Interview with Prof. Francesca Di Mare

Chair of Thermal Turbomachines and Aeroengines Managing Director, Institute of Energy Technology Ruhr-Universität Bochum, Germany

E​RCOFTAC SIG51 Coordinator

P​rof Francesca Di Mare

Who is your academic background?

I got my first degree in Chemical Engineering in Italy, at the University Federico II, in Naples and then went on to do my PhD (Mechanical Engineering) at Imperial College, London, under the supervision of Prof. W. P. Jones, who is one of the “fathers” of turbulence modelling and first devised the k-ε model (see the seminal paper Jones, W. P., & Launder, B. E. (1972). The prediction of laminarization with a two-equation model of turbulence. International journal of heat and mass transfer, 15(2), 301-314.)

What is your research specialism?

I am specialised in numerical simulations of complex flows for propulsion and power, so all that encompasses the aero-thermal characterisation of fluid energy machines in all their components (compression, combustion, expansion). The accurate and reliable prediction of flow conditions in rotating machinery especially considering non-conventional working fluids is a fundamental component of the development of resilient, sustainable propulsion and power technologies.

What projects are you working on currently?

I look after quite a few exciting projects and I am particularly proud of coordinating a Horizon Europe consortium developing new flexible propulsion concepts for short/medium-range air transport bridging the technology gap between drop-in sustainable aviation fuels and hydrogen. The project is called MYTHOS (https://mythos.ruhr-uni-bochum.de/), started in January 2023 and will run over four years and we are absolutely excited about the results and contribution we can provide to cleaner aviation towards complete climate neutrality in 2050.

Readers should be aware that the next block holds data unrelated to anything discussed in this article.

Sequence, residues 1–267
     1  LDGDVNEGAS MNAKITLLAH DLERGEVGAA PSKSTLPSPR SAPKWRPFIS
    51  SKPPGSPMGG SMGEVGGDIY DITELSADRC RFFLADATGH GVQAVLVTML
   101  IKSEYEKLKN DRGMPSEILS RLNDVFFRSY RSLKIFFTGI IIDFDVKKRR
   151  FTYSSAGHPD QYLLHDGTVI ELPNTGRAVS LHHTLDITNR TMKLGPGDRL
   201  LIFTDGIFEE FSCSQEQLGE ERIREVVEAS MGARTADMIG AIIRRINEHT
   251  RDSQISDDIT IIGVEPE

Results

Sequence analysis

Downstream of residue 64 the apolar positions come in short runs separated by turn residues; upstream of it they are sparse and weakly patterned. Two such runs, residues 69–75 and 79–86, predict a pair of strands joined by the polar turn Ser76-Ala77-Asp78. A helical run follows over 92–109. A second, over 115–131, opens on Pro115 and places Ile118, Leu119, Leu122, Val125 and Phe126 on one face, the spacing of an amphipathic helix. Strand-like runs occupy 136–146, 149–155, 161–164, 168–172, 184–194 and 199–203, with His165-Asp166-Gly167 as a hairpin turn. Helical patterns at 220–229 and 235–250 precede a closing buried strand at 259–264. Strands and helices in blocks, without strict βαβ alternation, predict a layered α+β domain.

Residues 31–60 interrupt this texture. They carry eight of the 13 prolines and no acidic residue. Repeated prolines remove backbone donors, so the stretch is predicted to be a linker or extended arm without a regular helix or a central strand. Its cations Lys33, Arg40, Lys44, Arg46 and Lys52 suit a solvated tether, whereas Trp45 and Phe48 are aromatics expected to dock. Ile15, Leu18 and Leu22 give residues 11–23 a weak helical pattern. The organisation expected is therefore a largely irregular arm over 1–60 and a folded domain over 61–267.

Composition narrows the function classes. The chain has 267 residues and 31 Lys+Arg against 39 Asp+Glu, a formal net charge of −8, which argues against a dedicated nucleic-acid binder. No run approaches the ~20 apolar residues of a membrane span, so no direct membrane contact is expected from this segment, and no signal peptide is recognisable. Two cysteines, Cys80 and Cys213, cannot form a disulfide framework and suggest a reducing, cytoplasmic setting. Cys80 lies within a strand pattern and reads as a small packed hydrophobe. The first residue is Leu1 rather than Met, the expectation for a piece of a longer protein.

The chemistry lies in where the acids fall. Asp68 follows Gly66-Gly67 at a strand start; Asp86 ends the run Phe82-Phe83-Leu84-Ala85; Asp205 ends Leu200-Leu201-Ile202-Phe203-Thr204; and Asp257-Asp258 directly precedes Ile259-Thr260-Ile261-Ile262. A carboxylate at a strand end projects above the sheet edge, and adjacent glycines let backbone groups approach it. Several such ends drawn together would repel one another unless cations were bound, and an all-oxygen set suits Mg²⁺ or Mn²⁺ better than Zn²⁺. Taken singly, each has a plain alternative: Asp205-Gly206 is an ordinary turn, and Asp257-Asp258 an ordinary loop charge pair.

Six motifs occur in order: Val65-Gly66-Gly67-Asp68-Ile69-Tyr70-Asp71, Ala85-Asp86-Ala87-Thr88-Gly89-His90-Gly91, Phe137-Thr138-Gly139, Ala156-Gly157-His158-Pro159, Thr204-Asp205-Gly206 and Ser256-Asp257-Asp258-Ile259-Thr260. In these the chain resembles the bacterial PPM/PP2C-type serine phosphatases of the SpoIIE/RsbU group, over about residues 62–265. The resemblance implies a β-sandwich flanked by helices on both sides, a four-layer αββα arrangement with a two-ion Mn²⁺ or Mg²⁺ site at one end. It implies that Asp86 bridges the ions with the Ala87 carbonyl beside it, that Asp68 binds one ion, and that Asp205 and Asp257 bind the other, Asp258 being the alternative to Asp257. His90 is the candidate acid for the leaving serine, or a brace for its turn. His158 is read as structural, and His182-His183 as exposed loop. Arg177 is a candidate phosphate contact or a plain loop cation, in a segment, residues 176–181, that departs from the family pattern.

Was there a woman who inspired you to get into your field?

No, there was no particular woman inspiring me. I generally don’t get inspired by people, I must admit, rather by the beauty of nature. And my deepest thanks go to my parents and my brother for fostering my inclinations and helping me realising my dreams. I was also very fortunate to have fantastic mentors, Prof. Jones (Imperial College) and Prof. Janicka (TU Darmstadt), who taught me to be fiercely independent and convinced of my own ideas.

What motivates you to work on fluid mechanics, or what you find fascinating about it?

I love understanding how things work. As I was a child I used to spend hours looking at candles and flames in general, at cloud pattern in the sky, at leaves whirls in autumn, not to mention the flow patterns developing in stars or intergalactic spaces. I just wanted to understand why certain things happened, spanning the fields of fluid mechanics and gas dynamics and essentially this is what motivates me still. Also, I am fascinated by the power unleashed by the fantastic machines I investigate, I can’t imagine anything more exciting that understanding how to build them more powerful, more compact and cleaner.

What advice would you give to young women wanting to get into STEM?

Just to do what they like, regardless of being a woman or not and be fascinated by the beauty of nature, not necessarily wanting to be like someone else. That’s my personal opinion.

What are the benefits of being a member of ERCOFTAC?

ERCOFTAC offers unique opportunities of networking being a member of ”THE” fluid-dynamics community par excellence. This is a great asset especially for fostering and mentoring young people.